The claimant complained that after alleging unlawful interception of his communications, the hearing before the Investigatory Powers Tribunal was not attended by appropriate safeguards. He had been a campaigner against police abuse. His requests to MI5 and GCHQ under the Data Protection Act 1998 to discover whether information about him was being processed had been refused on the grounds of national security. Complaints about such refusals to the Investigatory Powers Tribunal (‘IPT’) chaired by Lord Justice Mummery were examined in private. They concluded with the IPT simply notifying Mr Kennedy that no determination had been made in his favour in respect of his complaints. This ‘meant either that there had been no interception or that any interception which took place was lawful’.
Held: The claim under article 8 failed. The domestic law, practice and safeguards relating to surveillance satisfied the conditions of that article. Leander v Sweden established that the requirement that the consequences of the domestic law must be foreseeable, before any interference could be said to be ‘in accordance with the law’ under article 8(2), ‘cannot be the same in the context of interception of communications as in many other fields’.
As to Article 6, the Court found it unnecessary to decide whether this article applies to proceedings concerning a decision to put someone under surveillance, because it concluded that, assuming it does, the IPT’s rules of procedure complied with the requirements of article 6(1).
 ECHR 682, 26839/05,  52 EHRR 4
Regulation of Investigatory Powers Act 2000 65(2)(b) 65(4), European Convention on Human Rights 8 13, Data Protection Act 1998
See Also – Kennedy v United Kingdom ECHR 20-Nov-2008
Cited – Leander v Sweden ECHR 26-Mar-1987
Mr Leander had been refused employment at a museum located on a naval base, having been assessed as a security risk on the basis of information stored on a register maintained by State security services that had not been disclosed him. Mr Leander . .
Cited – Doorson v The Netherlands ECHR 26-Mar-1996
Evidence was given in criminal trials by anonymous witnesses and evidence was also read as a result of a witness having appeared at the trial but then absconded. The defendant was convicted of drug trafficking. As regards the anonymous witnesses, . .
Cited – Jasper v The United Kingdom ECHR 16-Feb-2000
Grand Chamber – The defendants had been convicted after the prosecution had withheld evidence from them and from the judge under public interest immunity certificates. They complained that they had not had fair trials.
Held: The right was . .
Cited – Home Office v Tariq SC 13-Jul-2011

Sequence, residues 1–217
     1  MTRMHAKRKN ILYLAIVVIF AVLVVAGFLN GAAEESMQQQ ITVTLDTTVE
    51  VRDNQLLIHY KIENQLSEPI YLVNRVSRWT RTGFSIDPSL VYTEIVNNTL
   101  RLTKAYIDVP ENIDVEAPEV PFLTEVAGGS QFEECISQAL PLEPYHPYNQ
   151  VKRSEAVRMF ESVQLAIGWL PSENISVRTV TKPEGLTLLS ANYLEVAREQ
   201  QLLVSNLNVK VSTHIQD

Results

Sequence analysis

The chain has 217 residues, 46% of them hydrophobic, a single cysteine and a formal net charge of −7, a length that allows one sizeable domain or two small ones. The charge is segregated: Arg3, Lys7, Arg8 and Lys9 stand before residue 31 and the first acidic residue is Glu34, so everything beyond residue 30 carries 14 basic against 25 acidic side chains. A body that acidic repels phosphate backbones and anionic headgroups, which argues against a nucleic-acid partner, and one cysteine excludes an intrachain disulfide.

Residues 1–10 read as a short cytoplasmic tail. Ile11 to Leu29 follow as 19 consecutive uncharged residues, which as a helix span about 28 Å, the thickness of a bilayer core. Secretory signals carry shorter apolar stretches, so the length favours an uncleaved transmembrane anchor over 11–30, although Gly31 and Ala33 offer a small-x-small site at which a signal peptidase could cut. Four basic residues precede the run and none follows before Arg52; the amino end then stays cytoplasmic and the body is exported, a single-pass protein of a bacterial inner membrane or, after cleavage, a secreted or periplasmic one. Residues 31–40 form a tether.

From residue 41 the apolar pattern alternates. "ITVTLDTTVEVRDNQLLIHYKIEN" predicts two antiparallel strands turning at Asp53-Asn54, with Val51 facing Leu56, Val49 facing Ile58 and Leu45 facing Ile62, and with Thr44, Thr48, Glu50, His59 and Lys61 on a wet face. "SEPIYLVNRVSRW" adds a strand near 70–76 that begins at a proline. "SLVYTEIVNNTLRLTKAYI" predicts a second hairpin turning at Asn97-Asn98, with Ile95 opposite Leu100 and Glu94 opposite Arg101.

(JUSTICE intervening) The claimant pursued Employment Tribunal proceedings against the Immigration Service when his security clearance was withdrawn. The Tribunal allowed the respondent to use a closed material procedure under which it was provided . .
Cited – Secretary of State for The Home Department v Davis MP and Others CA 20-Nov-2015
The Secretary of State appealed against a ruling that section 1 of the 2014 Act was inconsistent wih European law.
Held: The following questions were referred to the CJEU:
(1) Did the CJEU in Digital Rights Ireland intend to lay down . .
Cited – T and Another, Regina (on The Application of) v Secretary of State for The Home Department and Another SC 18-Jun-2014
T and JB, asserted that the reference in certificates issued by the state to cautions given to them violated their right to respect for their private life under article 8 of the Convention. T further claims that the obligation cast upon him to . .
Cited – Privacy International, Regina (on The Application of) v Investigatory Powers Tribunal and Others SC 15-May-2019
The Court was asked whether the actions of the Investigatory Powers Tribunal were amenable to judicial review: ‘what if any material difference to the court’s approach is made by any differences in context or wording, and more particularly the . .
Cited – Haralambous, Regina (on The Application of) v Crown Court at St Albans and Another SC 24-Jan-2018
The appellant challenged by review the use of closed material first in the issue of a search warrant, and subsequently to justify the retention of materials removed during the search.
Held: The appeal failed. No express statutory justification . .
Cited – Belhaj and Another v Director of Public Prosecutions and Another SC 4-Jul-2018
Challenge to decision not to prosecute senior Intelligence Service officials for alleged offences in connection with his unlawful rendition and mistreatment in Libya. The issue here was whether on the hearing of the application for judicial review, . .
Lists of cited by and citing cases may be incomplete.
Updated: 30 July 2021; Ref: scu.430517